Role of Gender in lives of Adolescents with disability

Most Indian women, particularly from poor homes, lead an existence of extreme subordination with very little control over their lives. So women who are disabled not only face the usual gender discrimination but also discrimination due to their disability.

From the research done, it emerged that gender does not take a backseat, even in the lives of adolescents with disability. Boys and girls cope up with usual deep rooted gender stereotypes and prejudices. For most Indian females, opportunities for growth and development are limited and restricted by the fact that they remain ‘protected’ in the parents’ home until they get married after that in their in-laws’ home. Doing household tasks and looking after the family is seen as the foremost duty of a girl. Freedom of movement is too restricted. There is a need to break the shackles for the empowerment of women, including those with disabilities. Empowerment means raising people’s consciousness about the strength within by the way they view themselves and society.

Changing social attitudes and initiating a process of social mobilisation becomes imperative. Social efforts must be made to project positive images of people with disabilities, especially women. Media can be effectively be used for this purpose. Efforts can be made to sensitise the general public to the issues of women with disability whereby what is highlighted is not the physical defect that disables but the attitude and the environment which is disabling.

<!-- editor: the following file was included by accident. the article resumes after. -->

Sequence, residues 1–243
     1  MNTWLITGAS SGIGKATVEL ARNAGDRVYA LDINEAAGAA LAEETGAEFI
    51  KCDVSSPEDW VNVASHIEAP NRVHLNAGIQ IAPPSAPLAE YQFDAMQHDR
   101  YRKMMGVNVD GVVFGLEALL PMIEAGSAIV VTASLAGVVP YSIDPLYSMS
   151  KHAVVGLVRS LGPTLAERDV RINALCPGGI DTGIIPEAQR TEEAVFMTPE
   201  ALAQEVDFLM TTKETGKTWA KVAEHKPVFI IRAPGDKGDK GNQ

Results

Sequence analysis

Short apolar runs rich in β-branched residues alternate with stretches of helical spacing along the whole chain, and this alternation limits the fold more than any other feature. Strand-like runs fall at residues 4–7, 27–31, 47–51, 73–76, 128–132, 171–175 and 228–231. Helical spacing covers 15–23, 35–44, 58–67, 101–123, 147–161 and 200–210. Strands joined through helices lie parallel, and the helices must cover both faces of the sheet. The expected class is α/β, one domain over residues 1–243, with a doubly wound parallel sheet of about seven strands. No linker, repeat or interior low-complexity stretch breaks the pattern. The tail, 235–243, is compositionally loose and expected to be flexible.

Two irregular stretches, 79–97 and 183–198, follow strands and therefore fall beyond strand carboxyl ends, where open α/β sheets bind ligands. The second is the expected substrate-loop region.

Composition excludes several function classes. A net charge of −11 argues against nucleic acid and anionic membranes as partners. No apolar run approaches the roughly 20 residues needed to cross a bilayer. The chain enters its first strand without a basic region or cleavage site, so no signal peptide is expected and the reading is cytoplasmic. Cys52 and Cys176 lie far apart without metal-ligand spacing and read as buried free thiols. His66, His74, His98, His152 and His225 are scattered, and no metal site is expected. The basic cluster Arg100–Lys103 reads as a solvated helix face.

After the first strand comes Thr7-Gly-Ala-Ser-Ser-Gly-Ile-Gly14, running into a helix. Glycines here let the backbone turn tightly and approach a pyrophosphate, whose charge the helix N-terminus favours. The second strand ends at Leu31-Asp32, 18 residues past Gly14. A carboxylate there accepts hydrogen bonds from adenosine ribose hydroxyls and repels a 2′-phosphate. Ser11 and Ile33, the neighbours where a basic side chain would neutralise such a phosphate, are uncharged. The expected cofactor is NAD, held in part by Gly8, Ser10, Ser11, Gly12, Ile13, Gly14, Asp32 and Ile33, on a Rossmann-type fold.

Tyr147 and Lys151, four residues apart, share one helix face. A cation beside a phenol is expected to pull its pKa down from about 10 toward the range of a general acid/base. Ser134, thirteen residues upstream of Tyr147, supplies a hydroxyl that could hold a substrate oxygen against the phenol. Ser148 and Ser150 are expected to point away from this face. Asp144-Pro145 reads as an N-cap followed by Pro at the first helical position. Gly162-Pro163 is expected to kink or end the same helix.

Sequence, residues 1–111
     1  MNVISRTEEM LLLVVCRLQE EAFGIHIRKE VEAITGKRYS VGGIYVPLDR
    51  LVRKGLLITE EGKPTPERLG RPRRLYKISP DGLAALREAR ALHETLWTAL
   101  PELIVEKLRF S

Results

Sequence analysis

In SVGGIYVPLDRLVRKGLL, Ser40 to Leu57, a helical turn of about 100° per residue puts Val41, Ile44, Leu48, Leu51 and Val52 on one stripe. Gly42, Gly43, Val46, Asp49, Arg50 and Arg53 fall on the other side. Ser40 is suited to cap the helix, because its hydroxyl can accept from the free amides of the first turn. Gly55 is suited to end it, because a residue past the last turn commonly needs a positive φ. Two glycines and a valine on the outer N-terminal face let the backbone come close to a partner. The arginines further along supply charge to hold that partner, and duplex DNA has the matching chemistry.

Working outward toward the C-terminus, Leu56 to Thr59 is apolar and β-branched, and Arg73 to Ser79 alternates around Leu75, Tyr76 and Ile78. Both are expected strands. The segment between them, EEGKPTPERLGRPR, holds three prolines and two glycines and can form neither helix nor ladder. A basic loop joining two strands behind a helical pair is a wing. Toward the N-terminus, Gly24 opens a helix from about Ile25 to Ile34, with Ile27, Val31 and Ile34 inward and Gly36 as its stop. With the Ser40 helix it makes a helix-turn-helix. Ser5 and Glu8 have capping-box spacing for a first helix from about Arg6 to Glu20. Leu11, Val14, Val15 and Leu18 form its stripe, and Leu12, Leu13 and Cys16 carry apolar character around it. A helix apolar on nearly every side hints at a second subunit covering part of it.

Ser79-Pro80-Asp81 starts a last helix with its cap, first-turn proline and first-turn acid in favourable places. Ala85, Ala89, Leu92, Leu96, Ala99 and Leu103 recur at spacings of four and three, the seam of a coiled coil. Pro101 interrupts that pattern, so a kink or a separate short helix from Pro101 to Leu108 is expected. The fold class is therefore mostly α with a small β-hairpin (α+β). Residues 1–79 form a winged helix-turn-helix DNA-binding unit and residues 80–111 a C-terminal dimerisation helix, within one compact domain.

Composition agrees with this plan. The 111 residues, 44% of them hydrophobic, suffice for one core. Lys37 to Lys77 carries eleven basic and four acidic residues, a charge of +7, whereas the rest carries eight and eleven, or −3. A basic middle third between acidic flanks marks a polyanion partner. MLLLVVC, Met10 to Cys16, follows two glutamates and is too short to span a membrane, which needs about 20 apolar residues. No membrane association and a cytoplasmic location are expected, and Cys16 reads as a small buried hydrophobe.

In the study done, the girls did not perceive discrimination against themselves based on their disability – it seems that the positive school experience had helped them maintain a ‘feel good’ feeling – a factor that would play a significant role in their empowerment. It was found that the school of the adolescents in the study made tremendous efforts to educate them, give those skills and support their families.

The system’s attitude of equity in dealing with males and females had percolated to the boys’ and fathers’ attitude too, who treated the female subjects like any other girls. It is apparent, that educational institutions involved in inclusive education can play an important role in providing a gender- fair experience to children with disabilities and their families.

– By Ritika

(To read the full articles refer to Childhood Disability Journal Vol 3 Issue 3. )

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2 Responses to Role of Gender in lives of Adolescents with disability

  1. gunjan says:

    hey rits
    read the piece
    its one sensitive bit of work done by you
    gender discrimination in itself is debilitating but to be subjected to it in addition to some physical disability must be pure hell. can’t even imagine.
    it’s good to know that education makes some difference and helps out. i hope these attitudes sink in the normal ones of our peoples and stay there

  2. ritika grover says:

    absolutely true…dude…this school akshay pratshtan is doing a great job…most of the parents wanted thie r disabled daughters to get married..lead a normal it was just a great experience…

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